The Pontiac is too new to make proper evaluation. We inherited it and it spent its first three years in Dallas, I drive it now when the snow is bad, it sits during the summer when I use the land yacht.
      I am tempted to go ou this morning and take a few pictures and put them up on the family site.
      A Anderson, Grayslake, Illinois

    • 0 avatar
      Steven Lang

      http://www.car-part.com/cgi-bin/search.cgi
       
      Plenty of Isuzu engines here…

  • avatar
    mikey

    Yeah….I would be a cross between the tight wad, and the quality Guru. I bought an Impala over the more up to date Malibu. I figured with a Zilllion Impalas on  the road,parts would be cheaper and easier to find.

    I wash, and vacum, sometimes twice a week. The 18″ tires are like new,but I’m pricing and saving for Michelins. If there is salt on the road,the Impala doesn’t leave the garage.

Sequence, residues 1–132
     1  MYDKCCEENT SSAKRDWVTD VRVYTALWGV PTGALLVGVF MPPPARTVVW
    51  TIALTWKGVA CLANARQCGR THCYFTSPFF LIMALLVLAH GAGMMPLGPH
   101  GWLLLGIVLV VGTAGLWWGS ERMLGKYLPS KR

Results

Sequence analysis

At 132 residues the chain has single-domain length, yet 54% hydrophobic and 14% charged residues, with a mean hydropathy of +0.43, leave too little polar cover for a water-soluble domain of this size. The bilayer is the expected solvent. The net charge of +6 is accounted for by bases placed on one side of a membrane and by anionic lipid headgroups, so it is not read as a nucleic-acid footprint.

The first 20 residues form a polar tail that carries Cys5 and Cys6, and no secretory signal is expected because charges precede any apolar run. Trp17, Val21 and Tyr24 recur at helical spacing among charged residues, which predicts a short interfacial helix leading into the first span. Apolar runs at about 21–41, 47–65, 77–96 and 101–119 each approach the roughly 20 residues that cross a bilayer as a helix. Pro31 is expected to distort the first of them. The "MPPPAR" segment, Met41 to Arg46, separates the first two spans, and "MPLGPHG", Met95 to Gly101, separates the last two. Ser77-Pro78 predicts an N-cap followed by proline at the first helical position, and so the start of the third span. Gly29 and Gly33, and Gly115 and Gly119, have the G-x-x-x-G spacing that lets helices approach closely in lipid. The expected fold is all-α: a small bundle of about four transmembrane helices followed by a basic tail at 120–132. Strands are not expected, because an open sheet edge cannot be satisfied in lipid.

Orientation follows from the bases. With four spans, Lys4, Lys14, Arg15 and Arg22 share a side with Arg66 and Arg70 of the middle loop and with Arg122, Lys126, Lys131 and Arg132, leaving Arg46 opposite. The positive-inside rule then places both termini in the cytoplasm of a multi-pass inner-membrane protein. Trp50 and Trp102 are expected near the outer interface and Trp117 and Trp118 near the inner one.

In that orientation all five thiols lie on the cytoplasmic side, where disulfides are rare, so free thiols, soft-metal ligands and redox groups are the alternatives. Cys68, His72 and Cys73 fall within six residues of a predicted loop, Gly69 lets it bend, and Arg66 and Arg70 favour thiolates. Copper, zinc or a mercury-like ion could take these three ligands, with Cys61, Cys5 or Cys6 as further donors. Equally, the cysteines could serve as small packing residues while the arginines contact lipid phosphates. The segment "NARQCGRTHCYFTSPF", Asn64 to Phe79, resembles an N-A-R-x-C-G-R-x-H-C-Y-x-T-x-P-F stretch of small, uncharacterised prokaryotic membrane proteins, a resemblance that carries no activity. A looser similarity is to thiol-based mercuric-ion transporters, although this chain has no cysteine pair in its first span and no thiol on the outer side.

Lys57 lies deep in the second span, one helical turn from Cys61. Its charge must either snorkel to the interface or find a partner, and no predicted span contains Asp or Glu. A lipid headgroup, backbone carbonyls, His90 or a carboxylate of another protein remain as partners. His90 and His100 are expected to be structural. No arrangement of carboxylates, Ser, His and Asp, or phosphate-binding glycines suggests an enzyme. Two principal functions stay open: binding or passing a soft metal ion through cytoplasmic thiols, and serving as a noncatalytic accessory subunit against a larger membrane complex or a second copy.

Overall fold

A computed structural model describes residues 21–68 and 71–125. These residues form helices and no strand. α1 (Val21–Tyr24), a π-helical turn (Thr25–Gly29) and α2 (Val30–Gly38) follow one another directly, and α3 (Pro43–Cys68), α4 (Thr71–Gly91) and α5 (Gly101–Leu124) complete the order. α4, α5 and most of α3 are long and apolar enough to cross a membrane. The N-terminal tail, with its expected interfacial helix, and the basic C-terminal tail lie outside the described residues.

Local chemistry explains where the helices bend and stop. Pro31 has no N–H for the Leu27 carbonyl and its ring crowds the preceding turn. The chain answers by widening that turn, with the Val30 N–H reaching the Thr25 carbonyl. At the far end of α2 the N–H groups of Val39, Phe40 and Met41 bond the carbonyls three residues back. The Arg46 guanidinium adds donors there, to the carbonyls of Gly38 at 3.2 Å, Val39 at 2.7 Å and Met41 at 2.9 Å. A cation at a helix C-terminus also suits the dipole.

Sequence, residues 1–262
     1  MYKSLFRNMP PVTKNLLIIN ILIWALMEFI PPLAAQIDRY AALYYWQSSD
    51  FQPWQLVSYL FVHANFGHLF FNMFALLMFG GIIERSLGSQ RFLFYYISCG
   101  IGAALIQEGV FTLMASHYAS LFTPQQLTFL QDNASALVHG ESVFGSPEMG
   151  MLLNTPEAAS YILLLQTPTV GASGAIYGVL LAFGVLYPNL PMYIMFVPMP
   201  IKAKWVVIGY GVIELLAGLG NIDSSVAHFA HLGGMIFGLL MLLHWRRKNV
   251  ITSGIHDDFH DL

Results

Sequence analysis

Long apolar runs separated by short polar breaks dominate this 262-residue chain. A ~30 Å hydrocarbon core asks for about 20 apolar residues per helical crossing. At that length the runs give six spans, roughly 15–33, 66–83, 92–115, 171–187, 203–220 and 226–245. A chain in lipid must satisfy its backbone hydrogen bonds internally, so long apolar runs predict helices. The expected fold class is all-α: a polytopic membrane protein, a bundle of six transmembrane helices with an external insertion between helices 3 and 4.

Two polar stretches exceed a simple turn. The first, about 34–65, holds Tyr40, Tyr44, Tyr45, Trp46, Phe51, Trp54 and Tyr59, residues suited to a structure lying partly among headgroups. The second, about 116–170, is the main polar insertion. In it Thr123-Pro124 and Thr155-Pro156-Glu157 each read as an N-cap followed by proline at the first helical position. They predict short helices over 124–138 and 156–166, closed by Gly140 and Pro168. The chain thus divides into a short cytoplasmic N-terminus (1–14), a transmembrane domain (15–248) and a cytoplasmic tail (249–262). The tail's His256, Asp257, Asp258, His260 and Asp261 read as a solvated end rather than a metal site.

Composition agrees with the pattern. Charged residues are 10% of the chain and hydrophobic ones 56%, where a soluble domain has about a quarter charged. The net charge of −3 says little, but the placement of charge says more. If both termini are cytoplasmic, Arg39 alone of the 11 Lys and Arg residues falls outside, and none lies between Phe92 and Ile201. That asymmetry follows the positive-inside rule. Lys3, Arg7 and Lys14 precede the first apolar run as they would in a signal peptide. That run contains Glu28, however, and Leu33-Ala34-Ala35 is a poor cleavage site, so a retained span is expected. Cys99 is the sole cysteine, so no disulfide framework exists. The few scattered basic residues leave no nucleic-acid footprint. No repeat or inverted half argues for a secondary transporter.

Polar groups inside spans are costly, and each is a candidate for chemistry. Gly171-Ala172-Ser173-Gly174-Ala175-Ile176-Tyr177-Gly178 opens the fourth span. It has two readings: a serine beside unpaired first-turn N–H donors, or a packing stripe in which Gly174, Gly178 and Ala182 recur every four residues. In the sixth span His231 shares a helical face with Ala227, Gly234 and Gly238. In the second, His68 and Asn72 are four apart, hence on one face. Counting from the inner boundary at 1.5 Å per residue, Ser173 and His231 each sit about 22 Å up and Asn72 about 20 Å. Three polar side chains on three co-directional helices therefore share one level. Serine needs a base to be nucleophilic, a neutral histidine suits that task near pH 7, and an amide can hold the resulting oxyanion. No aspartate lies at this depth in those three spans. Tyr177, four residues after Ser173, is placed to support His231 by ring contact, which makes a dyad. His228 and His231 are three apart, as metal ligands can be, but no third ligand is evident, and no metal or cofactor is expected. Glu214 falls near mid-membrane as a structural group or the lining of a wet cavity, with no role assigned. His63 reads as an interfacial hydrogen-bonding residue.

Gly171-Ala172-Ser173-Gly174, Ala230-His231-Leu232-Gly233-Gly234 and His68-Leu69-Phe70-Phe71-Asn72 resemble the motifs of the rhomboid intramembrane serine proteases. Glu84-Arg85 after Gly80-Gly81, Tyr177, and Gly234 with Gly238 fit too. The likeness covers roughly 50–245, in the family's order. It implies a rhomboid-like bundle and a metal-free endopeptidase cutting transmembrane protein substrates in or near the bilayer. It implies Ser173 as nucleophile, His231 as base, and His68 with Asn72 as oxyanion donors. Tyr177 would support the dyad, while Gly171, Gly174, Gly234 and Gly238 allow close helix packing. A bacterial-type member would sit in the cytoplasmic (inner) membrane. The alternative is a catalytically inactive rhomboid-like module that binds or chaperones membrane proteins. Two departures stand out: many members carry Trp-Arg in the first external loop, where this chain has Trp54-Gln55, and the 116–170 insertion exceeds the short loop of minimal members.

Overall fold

My objective is to be the 70 year old guy,driving the 14 year old car. Yeah, and all of the younger dudes are saying “check out the 09 LTZ…. Grampa must clean it with a Q tip”

  • avatar
    ajla

    Well, I like older cars, but I don’t think I can be called a “keeper”.

  • avatar
    obbop

    Term for those viewing a conveyance as a “fall-back abode”?

  • avatar
    krhodes1

    I go both ways. I’ve had my Triumph Spitfire for more than 15 years now. Can’t imagine parting with the little guy. Historically I have turned over daily drivers fairly quickly, but I have usually bought (well) used. I fully intended to keep my ’08 Saab a good while, but then BMW decided not to sell wagons in the US anymore, so it was get one while I still can… I have every intention of having the 328iT for a LONG time, as what would I replace it with??